Bike parts seem to come at a real premium these days, because supply chain <word salad>, and global economic <word salad>, and pandemic-driven <word salad>. If you’re trying to get a new bike or put an old bike back together, you will know this, even without my trenchant economic analysis of the various factors word-salading your process.
You may need to rethink and reprioritize your purchases, and so here is a quick guide to the various parts of the bike and how important they are.
The absolute best bike part is the head tube. It holds the front wheel on, via the fork, and sometimes it has a metal badge on it, like an old-timey washing machine or an old West sheriff. Some lunatics will put the badge on the seat tube, because they’re hell bent on being different. I like to image the head tube staring that seat tube down and saying, “There’s not enough room on this frame for the both of us.” And then one of them murders the other, and you fall off your bike.
The head tube is the bike’s prow, its noble nose-in-the-wind, its schnoz, if you will. It keeps every ride from ending in a faceplant, rather than just some of them. If you’re very tall, your head tube broadcasts that at high volume. If you’re very short, your head tube will almost disappear, but still be very important. Like the most important.
Of course, the top tube is another really good bike part, but if you ride long enough you forge a complicated relationship with it, based on the potential harm it can do to your vulnerable and most easily-damaged human parts. Easy on those brakes, killer! Watch out for that bump!
The top tube often carries the model name, which is good if you wanna brag about how much money you spent on your bike, but is otherwise kind of a dumb thing. I suspect it’s really only there to add some visual component to the frame, which is, at the end of the day, just a couple of narrow triangles suspended in space.
And ok, the seat tube shouldn’t be left out of this totally and completely unabridged survey of bike parts, on account of it gives you a place to sit. I suppose we’re all standing more these days, what with the potentially fatal ergonomics of sitting, not to mention the advent of dropper posts, but I’d argue the seat tube is still a top 5 bike part, unless you’re a Softride aficionado, in which case the seat tube doesn’t even exist. Who needs it?!?!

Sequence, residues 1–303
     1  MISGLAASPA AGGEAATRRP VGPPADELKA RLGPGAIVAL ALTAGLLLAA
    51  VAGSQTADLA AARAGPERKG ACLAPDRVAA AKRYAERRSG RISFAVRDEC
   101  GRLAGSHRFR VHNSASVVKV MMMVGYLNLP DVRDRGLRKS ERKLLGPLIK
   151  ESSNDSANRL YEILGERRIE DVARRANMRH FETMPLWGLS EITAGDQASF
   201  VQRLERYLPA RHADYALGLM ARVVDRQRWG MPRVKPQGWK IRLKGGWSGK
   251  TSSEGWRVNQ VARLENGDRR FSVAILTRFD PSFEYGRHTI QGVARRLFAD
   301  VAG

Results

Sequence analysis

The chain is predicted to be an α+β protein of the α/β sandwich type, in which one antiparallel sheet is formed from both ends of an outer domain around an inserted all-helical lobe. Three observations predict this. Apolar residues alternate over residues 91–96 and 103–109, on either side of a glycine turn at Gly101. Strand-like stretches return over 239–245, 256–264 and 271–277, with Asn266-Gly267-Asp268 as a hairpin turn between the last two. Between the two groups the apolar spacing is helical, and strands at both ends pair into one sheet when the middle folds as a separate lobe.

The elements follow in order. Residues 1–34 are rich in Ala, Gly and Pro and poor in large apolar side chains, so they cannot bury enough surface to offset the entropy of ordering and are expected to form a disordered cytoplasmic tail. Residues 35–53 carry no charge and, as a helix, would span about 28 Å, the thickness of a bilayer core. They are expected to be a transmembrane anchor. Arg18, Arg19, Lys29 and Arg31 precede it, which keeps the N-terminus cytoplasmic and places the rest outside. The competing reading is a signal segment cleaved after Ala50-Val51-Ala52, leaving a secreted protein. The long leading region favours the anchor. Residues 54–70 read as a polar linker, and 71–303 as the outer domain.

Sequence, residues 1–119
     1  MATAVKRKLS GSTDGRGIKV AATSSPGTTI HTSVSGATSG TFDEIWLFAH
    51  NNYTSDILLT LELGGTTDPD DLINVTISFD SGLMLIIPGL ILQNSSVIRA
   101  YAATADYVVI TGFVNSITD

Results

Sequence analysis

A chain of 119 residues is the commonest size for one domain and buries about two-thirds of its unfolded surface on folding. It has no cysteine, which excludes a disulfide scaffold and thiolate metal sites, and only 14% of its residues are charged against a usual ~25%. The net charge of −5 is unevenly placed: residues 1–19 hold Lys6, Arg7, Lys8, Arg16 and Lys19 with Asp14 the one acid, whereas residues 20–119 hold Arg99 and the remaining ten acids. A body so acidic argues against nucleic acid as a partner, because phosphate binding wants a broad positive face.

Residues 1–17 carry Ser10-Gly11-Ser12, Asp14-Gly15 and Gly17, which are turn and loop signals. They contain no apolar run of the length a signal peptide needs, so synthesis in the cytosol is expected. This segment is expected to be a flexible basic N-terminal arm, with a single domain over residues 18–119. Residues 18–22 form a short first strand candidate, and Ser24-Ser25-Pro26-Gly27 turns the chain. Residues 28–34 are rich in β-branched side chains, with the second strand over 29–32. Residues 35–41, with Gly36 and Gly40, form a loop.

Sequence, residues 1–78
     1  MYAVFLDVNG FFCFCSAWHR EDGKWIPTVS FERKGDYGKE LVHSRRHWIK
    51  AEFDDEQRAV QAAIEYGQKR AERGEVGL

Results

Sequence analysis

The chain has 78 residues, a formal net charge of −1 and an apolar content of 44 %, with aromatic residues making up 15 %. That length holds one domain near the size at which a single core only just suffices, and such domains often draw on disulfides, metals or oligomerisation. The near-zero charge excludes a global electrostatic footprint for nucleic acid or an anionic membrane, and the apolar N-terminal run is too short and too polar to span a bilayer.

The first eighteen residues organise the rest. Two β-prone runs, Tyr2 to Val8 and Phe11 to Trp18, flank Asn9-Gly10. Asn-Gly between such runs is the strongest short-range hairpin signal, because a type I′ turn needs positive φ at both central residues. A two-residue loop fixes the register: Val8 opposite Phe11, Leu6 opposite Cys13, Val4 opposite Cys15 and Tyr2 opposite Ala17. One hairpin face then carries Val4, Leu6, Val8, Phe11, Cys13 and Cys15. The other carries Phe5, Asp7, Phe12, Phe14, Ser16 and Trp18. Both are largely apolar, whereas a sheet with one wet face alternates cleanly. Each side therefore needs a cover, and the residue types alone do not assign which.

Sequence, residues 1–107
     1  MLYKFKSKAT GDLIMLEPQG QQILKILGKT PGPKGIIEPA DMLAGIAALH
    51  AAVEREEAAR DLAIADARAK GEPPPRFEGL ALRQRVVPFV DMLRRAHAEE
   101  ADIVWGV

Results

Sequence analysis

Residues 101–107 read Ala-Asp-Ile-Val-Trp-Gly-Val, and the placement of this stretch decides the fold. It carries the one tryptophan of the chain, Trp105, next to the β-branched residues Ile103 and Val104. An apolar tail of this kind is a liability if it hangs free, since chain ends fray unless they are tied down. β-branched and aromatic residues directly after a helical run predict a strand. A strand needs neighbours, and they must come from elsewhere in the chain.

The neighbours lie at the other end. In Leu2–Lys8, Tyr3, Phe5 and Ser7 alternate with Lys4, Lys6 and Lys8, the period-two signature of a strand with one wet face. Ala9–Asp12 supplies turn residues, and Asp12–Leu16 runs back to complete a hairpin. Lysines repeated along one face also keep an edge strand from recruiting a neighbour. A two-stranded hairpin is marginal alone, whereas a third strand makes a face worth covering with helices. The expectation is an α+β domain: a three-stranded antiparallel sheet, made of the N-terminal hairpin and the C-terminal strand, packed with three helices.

I’m talking to no one here though. There are no Softride aficionados. Except Stevil.
Cripes, while we’re at it, we can’t forget the bottom bracket (shell), the “BB” for real insiders and close friends. I call it the “crank hole,” which is both technically accurate and mildly offensive. The BB is an important part, cause it lets you put pedals on your bike, which means you can make it go places, the bike that is, although if you’ve got legs like mine, the places you can go are more limited than you would hope, no matter how much energy you put into the ole crank hole.
The chainstays and seatstays hold the back wheel on the bike, so you’ll need some of those, unless you’re a unicyclist, in which case you only really need the seat tube and some Visine, so people who don’t see you riding won’t automatically know you’re high. If you have chainstays and seatstays, and so a two-wheeled bicycle, the Visine is optional, unless you’re also high from hanging out with unicyclists.
I guess that just leaves the down tube, the bass player of this particular band. Very few people appreciate the bass player, except other bass players. The down tube wishes it was the head tube. It’s always suggesting a down tube solo, but getting rejected by the other tubes. No one wants to hear that. This isn’t jazz for chrissakes!
So there you have it, a deep dive into the value of the various bike parts. I hope it helps you with your next bike project. Perhaps in a future review, I’ll give you the lowdown on some of the other stuff that makes a bike, like the gooseneck, the curvy horns, the rolly bits, and even a thing called the headset. Sounds so exotic!